Let’s use the 12-week programme as the example. If there are any races in this 12-week period, anything from paddling, mountain biking, running, orienteering, cycling, multisport, use them as training. My philosophy is if there’s a race on, be on the start line. 

What you need to do is picture a graph that has a 30-hour week on the eighth week. From week one start with a 10-hour week, then add five hours each week for 3-weeks, then make week 4 the same as week 1, a recovery week. Then from week 5 add 5 hours per week until week 8 to reach the 30-hour target. Weeks 8-12 drop the volume by 5 hours per week.

Training intensity should start off steady, everything you do for the first 4 weeks is at conversation level, if you’re with your team, you should be able to maintain a discussion while training. After a recovery week on week 4, step up the intensity a notch, not by much, but your training is slightly more focused. You’re clocking up the hours now until week 8. The final 4-weeks the volume drops 5 hours per week, you need to recover from the training you have done, but you want to sharpen up also so the intensity rises as the volume decreases. This is where you can start adding intervals and higher heart rate training, it’s time to go hard.  7-10 days out from the main event you taper, volume and intensity reduces significantly.

The bigger volume weeks are ideal to do some team training adventure weekends.

Daily Training

That’s the overall picture. Now it’s time to look at what a day and a week looks like. There are a few guidelines to follow as a theme. Ideally, it’s best to train 2-disciplines per day if you can, alternating the combination. For example, Monday run & paddle, Tuesday bike & run, Wednesday bike & paddle. This is not crucial but adventure racing is a lot about adjusting to different disciplines quickly so training for that is worthwhile. Aim to train each discipline 3-4 times per week, essentially 9-12 sessions in total. Each session should have a theme, short and easy (recovery), medium but hard (strength), long and slow (endurance). If you add a 4th session in make it technique or skills focused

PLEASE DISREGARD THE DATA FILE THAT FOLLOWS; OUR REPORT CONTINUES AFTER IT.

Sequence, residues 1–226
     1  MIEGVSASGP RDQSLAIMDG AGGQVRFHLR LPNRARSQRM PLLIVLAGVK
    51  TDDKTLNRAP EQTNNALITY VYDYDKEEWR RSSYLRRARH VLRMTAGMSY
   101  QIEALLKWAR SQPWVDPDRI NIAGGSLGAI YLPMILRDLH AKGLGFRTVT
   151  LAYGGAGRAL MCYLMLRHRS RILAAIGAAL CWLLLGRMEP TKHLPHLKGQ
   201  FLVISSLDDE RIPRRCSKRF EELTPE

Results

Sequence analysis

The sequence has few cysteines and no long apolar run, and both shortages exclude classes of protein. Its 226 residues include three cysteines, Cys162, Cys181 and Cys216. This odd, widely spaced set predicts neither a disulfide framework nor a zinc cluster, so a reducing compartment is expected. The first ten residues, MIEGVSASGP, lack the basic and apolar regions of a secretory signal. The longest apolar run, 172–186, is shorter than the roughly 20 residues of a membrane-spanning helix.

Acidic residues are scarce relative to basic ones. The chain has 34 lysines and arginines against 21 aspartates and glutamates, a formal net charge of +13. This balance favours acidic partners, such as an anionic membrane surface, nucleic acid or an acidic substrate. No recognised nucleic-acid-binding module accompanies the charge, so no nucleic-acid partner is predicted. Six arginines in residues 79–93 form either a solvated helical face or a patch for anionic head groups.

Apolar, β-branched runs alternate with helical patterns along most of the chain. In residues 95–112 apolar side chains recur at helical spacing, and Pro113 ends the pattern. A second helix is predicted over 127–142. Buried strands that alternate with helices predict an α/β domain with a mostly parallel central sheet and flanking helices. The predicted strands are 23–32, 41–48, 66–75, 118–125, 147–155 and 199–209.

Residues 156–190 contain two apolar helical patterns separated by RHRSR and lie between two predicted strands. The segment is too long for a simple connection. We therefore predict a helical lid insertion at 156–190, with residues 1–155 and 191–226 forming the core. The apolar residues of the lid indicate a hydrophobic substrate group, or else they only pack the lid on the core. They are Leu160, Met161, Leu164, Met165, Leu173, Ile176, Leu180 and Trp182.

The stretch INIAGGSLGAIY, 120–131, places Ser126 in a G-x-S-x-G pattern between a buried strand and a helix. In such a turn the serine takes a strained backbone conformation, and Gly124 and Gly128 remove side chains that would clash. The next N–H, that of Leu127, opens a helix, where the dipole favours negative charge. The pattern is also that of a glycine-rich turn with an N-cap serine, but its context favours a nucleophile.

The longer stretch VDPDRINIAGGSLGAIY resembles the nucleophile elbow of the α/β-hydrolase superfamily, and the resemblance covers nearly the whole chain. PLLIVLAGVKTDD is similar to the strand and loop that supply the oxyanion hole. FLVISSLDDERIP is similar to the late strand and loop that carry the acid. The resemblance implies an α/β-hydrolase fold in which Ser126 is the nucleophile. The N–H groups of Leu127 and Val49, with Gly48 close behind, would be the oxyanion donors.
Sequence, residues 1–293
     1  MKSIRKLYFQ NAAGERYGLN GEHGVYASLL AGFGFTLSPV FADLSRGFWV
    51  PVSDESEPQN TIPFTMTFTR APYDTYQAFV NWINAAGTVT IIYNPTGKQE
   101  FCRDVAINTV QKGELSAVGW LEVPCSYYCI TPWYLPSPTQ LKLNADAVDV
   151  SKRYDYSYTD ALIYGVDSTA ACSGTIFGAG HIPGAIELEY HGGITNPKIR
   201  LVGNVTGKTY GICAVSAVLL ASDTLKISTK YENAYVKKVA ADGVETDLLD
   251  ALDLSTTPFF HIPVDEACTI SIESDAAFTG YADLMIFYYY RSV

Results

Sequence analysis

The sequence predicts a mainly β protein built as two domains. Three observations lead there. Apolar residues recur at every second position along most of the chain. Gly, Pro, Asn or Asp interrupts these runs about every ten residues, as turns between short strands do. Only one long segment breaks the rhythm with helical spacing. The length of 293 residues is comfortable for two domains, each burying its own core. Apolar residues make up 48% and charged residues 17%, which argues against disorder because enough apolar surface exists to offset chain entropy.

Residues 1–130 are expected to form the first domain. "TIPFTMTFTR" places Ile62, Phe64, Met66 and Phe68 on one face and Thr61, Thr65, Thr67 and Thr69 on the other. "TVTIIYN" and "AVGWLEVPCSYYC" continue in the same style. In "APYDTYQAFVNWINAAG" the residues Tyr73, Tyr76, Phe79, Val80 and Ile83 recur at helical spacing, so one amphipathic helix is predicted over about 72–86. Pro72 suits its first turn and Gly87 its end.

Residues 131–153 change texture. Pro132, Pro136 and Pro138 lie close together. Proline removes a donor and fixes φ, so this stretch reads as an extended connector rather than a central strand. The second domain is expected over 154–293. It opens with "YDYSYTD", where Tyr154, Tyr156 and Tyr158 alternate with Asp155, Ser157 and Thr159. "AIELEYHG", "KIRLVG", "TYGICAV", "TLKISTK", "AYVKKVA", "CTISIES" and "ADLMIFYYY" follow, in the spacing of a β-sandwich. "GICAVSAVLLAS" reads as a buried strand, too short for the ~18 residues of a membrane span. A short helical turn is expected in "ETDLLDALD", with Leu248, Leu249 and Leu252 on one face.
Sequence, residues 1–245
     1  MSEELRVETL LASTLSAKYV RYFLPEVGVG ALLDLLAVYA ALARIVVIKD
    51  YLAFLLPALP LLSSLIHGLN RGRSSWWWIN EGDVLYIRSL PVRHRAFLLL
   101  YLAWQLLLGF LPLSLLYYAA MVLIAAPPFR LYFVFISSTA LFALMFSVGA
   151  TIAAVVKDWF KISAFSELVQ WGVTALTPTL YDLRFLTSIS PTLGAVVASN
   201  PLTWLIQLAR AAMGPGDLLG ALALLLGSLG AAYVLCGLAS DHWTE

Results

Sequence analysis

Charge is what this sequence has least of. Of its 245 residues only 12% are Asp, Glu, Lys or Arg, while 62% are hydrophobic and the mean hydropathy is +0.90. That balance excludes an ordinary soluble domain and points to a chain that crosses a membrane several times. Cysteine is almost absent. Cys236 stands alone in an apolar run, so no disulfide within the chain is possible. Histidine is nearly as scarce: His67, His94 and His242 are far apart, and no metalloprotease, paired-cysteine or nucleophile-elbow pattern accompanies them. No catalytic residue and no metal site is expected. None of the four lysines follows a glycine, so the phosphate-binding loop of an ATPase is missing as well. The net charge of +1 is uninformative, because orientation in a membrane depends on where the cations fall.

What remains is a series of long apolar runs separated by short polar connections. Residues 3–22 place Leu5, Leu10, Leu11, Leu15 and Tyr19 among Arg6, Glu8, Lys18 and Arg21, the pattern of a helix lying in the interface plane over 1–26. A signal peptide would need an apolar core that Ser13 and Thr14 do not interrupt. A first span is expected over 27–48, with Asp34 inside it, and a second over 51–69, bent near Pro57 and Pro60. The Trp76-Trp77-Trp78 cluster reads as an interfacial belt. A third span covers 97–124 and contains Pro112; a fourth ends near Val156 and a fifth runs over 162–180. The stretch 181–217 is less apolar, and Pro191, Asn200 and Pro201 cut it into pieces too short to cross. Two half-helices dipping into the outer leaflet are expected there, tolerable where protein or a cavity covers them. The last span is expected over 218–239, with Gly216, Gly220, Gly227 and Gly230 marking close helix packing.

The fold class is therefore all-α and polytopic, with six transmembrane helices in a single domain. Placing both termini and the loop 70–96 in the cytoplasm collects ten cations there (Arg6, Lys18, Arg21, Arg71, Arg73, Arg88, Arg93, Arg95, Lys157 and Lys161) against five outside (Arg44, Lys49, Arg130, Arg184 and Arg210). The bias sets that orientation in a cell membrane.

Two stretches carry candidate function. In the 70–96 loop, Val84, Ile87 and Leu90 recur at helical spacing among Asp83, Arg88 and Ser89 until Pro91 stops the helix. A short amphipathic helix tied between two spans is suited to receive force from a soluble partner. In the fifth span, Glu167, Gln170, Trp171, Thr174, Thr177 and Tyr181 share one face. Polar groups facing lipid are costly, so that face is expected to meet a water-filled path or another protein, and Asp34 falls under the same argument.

As a general overview, I believe that logging hours is what is important with adventure racing, and how and when you get those hours is largely flexible. Provided you get the hours in your system and make sure you do some longer endurance sessions, a few ultra long bike rides, paddles and runs, and then allow yourself time to recover, you’ll have a strong race.

I always maintain that one rest day per week is wise. If you can train 7-days per week, you’re not training hard enough on the other . A massage on your rest day is bliss. 

Remember, it’s not how much training you can do that will get you results, it’s how much training you can recover from. Try as much as you can to keep your diary empty in the final 6-weeks in your build up. Minimal work, train, eat, sleep, give yourself the best chance of having a great race.


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Nathan Fa'avae is the captain of Team Avaya (formerly Team Seagate) and 6x Adventure Racing World Champion. He is also a Race Director of the Spring Challenge and Absolute Widerness Adventure races in New Zealand, and a co-owner of Absolute Wilderness Freeze Dried Foods.  You can find out more about him at